Theses and Dissertations


Title: Effects of stocking density and water age on water quality and fish production in commercial catfish (Ictalurus punctatus) ponds in west Alabama

Name: Woodfin II, John T.

Degree: MS

Chair: David R. Bayne

Resides:

University: Auburn University

Location: Auburn, Alabama

Date: 2004

Pages: 67

Keywords: stocking, water quality, fish production, Ictaluris punctatus, catfish, catfish ponds, west Alabama

Abstract:

This study was conducted to compare water quality and channel catfish production in earthen ponds located on commercial farms in west Alabama. The ponds were managed according to each commercial farm's standard practices, not under controlled experimental conditions. Each pond sampled was in either the low density treatment stocked at 8,000 fish/acre. Also, each pond was either in the old treatment which was in constant use for at least 5 years before the first sampling date or the young treatment which was in constant use for less than 5 years before the final sampling date. Means for pH, soluble-reactive phosphorus (SRP), total phosphorus (TP), and chloride (Cl) were significantly (P<0.05) higher in the high density treatments than the low density treatments during the growing seasons. The high density ponds were treated with algicides, which decreased phytoplankton blooms. As a result, mean corrected and uncorrected chlorophyll a concentrations and mean total organic carbon (TOC) concentrations were significantly (P<0.05) higher in the low density treatment than the high density treatment. The water quality impacted upon the production variables as mean feed conversion ratio (FCR) was significantly (P0.05) difference in mean fish yield per unit area between low and high density treatments. This study shows that water quality was degraded in the high density ponds and increased stocking density increased FCR and did not increase the fish yield per unit area. Mean total nitrogen (TN), mean total phosphorus (TP), mean corrected and uncorrected chlorophyll a, and mean TOC were significantly (P<0.05) higher in the old treatment than the young treatment during the growing seasons. This suggests that the water age of channel catfish production ponds had an effect upon the water quality of the ponds. It may be desirable to periodically remove a pond from production for a year to allow time for assimilation organic matter and a natural decrease in the plant nutrients.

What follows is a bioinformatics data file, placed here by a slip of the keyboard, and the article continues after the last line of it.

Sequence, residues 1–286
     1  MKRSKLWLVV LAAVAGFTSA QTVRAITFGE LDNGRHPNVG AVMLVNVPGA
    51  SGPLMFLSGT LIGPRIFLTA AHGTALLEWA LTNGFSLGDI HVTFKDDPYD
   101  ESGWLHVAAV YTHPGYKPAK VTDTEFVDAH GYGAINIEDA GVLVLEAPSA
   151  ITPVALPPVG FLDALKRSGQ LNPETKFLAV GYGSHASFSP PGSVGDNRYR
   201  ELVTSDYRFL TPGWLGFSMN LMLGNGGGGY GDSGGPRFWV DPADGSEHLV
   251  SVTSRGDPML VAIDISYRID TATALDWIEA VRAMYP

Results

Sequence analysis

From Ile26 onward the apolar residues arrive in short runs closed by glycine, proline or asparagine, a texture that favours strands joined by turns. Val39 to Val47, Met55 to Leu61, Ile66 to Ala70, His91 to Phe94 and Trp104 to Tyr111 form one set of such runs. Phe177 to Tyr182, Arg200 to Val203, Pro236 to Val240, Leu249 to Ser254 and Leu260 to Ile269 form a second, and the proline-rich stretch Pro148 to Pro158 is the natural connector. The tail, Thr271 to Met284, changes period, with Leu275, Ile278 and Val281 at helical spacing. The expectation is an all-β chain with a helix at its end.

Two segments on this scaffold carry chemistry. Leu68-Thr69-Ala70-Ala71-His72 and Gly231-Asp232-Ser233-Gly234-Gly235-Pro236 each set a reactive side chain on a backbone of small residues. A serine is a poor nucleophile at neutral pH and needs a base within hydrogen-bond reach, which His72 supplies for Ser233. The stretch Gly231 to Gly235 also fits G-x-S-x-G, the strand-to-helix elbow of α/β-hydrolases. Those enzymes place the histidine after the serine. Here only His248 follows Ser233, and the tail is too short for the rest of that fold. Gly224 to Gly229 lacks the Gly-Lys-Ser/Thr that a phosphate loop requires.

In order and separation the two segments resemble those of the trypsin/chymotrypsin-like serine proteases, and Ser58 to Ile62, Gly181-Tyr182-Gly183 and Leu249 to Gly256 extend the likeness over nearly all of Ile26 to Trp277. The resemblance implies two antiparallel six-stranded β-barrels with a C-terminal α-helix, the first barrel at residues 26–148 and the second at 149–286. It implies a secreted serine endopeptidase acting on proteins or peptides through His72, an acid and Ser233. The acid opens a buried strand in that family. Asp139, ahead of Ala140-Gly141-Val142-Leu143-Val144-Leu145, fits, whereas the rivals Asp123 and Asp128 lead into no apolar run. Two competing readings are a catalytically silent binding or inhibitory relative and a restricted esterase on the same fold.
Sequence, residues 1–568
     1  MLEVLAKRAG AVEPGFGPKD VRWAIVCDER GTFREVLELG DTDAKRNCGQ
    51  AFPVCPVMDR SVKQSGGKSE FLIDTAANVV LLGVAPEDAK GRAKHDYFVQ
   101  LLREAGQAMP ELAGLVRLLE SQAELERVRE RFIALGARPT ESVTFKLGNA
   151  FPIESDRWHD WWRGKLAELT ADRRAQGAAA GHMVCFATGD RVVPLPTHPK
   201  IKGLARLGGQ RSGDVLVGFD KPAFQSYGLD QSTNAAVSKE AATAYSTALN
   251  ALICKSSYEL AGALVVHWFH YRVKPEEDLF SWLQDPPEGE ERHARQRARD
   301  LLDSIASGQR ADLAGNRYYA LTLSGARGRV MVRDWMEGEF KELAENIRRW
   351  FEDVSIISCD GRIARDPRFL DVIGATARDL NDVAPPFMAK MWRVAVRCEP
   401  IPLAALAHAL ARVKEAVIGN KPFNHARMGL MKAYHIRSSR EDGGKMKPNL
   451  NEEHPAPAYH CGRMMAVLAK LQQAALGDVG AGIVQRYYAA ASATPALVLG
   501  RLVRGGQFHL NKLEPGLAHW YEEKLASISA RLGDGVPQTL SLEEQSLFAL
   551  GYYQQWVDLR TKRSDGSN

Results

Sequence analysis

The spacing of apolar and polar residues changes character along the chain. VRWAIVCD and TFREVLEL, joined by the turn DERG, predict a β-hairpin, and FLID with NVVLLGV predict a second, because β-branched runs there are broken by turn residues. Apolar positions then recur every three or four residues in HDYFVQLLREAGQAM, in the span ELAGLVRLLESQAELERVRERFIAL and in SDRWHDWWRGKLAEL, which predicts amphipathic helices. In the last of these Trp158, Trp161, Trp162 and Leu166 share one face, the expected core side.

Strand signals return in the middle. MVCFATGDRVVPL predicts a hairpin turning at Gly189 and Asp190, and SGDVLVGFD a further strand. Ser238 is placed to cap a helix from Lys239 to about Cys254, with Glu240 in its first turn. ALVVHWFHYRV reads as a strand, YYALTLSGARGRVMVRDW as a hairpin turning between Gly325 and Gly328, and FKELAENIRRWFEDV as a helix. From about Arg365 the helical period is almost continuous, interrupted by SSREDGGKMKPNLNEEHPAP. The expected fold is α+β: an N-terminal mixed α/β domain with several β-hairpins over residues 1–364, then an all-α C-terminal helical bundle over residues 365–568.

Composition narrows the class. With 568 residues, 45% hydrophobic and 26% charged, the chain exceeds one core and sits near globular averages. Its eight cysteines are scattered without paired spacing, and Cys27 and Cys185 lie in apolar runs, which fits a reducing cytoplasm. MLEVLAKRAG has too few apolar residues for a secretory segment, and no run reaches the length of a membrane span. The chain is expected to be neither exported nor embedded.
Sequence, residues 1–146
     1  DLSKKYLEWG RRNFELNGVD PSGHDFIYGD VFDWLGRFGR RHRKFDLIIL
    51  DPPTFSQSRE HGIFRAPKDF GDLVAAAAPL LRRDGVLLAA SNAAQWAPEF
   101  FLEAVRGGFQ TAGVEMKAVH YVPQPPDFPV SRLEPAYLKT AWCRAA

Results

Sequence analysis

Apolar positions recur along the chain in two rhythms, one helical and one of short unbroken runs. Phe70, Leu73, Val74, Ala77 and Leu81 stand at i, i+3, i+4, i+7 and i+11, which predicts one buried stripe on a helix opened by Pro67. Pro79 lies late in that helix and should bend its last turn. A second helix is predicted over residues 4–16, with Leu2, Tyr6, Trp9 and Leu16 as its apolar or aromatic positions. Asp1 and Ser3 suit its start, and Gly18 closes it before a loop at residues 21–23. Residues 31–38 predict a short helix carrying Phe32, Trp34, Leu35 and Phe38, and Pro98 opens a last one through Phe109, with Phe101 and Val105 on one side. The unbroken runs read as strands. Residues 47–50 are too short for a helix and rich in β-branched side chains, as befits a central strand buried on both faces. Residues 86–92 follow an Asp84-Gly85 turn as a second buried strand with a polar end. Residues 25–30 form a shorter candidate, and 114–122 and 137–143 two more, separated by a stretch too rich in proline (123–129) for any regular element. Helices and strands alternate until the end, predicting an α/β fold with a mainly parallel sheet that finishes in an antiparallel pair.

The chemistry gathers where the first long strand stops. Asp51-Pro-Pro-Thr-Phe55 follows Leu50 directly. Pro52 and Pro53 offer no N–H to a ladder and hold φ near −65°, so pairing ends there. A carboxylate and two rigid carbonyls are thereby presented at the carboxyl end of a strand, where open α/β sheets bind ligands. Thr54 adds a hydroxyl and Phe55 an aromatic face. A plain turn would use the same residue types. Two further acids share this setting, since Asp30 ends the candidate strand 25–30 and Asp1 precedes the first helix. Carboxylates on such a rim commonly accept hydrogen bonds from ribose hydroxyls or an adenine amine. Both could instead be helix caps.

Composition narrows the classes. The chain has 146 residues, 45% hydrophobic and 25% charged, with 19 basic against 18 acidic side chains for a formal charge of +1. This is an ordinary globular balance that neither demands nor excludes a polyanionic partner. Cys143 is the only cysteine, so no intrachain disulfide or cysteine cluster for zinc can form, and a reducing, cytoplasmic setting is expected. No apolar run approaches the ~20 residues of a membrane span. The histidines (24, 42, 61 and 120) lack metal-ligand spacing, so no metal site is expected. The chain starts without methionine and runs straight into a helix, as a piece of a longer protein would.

Download: Download

203 Swingle Hall | Auburn, Alabama 36849 | (334) 844-4786 |
Website Feedback | Privacy | Copyright ©